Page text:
Jade Winds then filed a Motion for Sanctions against Citibank based on

Citibank’s handling of the Motion to Cancel. On December 9, 2010, the Motion

for Sanctions was heard before Division Judge Lester Langer, a circuit court judge

in the division in which the foreclosure action was assigned. On that same day,

Judge Langer entered an order imposing monetary sanctions against Citibank,

finding that Citibank’s “conduct was in direct violation of [Jade Winds’] due

process rights”; the Order Canceling Sale was “void for lack of notice”; and the

Motion to Cancel contained “substantive misrepresentations or omissions which

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prevented the Court from making a proper determination on the merits.” More

importantly, the order provides: “The Court further orders that the sale scheduled

for January 4, 2011, SHALL NOT be cancelled.”

Less than one month after Judge Langer issued the order imposing

sanctions, on December 30, 2010, Citibank prepared a Motion to Cancel the

January 4, 2011, foreclosure sale (“Second Motion to Cancel”), requesting that the

foreclosure sale be postponed until after February 1, 2011, to enable it to complete

its review of “foreclosure documentation.” The Second Motion to Cancel,

however, omitted the facts that the foreclosure sale had been previously reset, and

that Judge Langer, just a few weeks earlier, had entered an order stating that the

foreclosure “sale scheduled for January 4, 2011, SHALL NOT be cancelled.”

Further, as with its previous Motion to Cancel, Citibank failed to mail a copy of

the Second Motion to Cancel to Jade Winds’ counsel or make any other attempt to

notify counsel.

On January 4, 2011, Citibank appeared before Senior Judge Philip Cook,

who was the presiding judge at the Foreclosure Master Calendar. On an ex parte

basis, Senior Judge Cook considered the Second Motion to Cancel, and he entered

an order granting Citibank’s motion to cancel the foreclosure sale due to “affidavit

review,” but failed to reset the foreclosure sale for a date after February 1, 2011, as

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requested by Citibank (“Second Order Canceling Sale”).4 This non-final appeal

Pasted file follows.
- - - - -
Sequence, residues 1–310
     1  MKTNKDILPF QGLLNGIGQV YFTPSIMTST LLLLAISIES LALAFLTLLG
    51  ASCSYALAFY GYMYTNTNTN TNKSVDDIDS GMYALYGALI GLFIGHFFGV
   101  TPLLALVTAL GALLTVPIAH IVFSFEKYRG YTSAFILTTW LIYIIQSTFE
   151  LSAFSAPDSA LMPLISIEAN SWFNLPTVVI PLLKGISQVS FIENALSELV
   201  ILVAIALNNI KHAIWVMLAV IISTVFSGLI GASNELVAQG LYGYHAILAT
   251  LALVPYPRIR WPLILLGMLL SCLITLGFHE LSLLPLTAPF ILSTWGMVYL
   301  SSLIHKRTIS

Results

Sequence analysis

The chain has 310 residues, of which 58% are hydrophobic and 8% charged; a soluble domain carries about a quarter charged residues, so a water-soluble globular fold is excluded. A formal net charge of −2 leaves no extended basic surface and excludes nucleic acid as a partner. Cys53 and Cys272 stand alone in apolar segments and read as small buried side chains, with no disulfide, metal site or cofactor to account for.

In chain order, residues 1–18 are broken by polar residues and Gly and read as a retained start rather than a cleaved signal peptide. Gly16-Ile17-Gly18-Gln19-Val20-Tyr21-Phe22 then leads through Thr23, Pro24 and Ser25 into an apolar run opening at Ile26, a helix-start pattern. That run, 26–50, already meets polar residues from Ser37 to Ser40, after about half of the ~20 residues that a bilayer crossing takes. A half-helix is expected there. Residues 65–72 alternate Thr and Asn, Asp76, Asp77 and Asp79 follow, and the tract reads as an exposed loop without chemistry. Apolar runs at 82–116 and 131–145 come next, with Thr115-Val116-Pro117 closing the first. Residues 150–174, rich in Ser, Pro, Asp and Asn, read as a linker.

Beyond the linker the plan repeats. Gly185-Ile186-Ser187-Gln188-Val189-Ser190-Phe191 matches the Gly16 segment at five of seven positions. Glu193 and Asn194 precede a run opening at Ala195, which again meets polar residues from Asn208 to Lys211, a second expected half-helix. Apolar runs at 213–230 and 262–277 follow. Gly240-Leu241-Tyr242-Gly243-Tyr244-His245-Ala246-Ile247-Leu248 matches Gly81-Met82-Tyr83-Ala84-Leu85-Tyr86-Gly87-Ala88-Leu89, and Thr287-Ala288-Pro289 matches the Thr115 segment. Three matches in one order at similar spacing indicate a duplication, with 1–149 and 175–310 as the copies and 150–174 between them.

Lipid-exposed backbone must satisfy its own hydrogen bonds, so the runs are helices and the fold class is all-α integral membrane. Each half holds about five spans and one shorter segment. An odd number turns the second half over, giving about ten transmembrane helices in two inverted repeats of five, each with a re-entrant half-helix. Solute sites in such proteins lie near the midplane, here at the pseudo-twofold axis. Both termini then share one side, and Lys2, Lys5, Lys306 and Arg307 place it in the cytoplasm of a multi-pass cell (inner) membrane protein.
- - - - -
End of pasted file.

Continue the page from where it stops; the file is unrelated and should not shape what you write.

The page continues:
follows.

In challenging the Second Order Canceling Sale, Jade Winds contends that

its procedural due process rights were violated because Citibank failed to serve

Jade Winds’ counsel with the Second Motion to Cancel and failed to notify Jade

Winds’ counsel of the hearing. We agree.

A basic element of procedural due process is notice and an opportunity to be

heard. Shlishey the Best, Inc. v. CitiFinancial Equity Servs., Inc., 14 So. 3d 1271,

1273 (Fla. 2d DCA 2009); see also Williams v. Primerano, 973 So. 2d 645, 647

(Fla. 4th DCA 2008) (“A fundamental requirement of due process is ‘notice

reasonably calculated, under all the circumstances, to apprise interested parties . . .

and afford them an opportunity to present their objections.’”) (quoting Mullane v.

Cent. Hanover Bank & Trust Co., 339 U.S. 306, 314 (1950)). Further, Florida

Rule of Civil Procedure 1.080(a) provides: “Unless the court otherwise orders,

every pleading subsequent to the initial pleading and every other paper filed in the

action, except applications for witness subpoena, shall be served on each party. . .

.” (emphasis added). Further, rule 1.080(b) explains that when a party is

represented by an attorney, “service shall be made upon the attorney unless service

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Failure to reset the foreclosure sale was most likely consistent with
Administrative Memorandum CIV10-E, which provides that a reset date will not
be “given at time of cancellation on affidavit moratorium . . . cancellations.”

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upon the party is ordered by the court.”5

In the instant case, without rehashing the facts set forth in this opinion, it is

clear that Citibank failed to properly serve Jade Winds’ counsel with the Second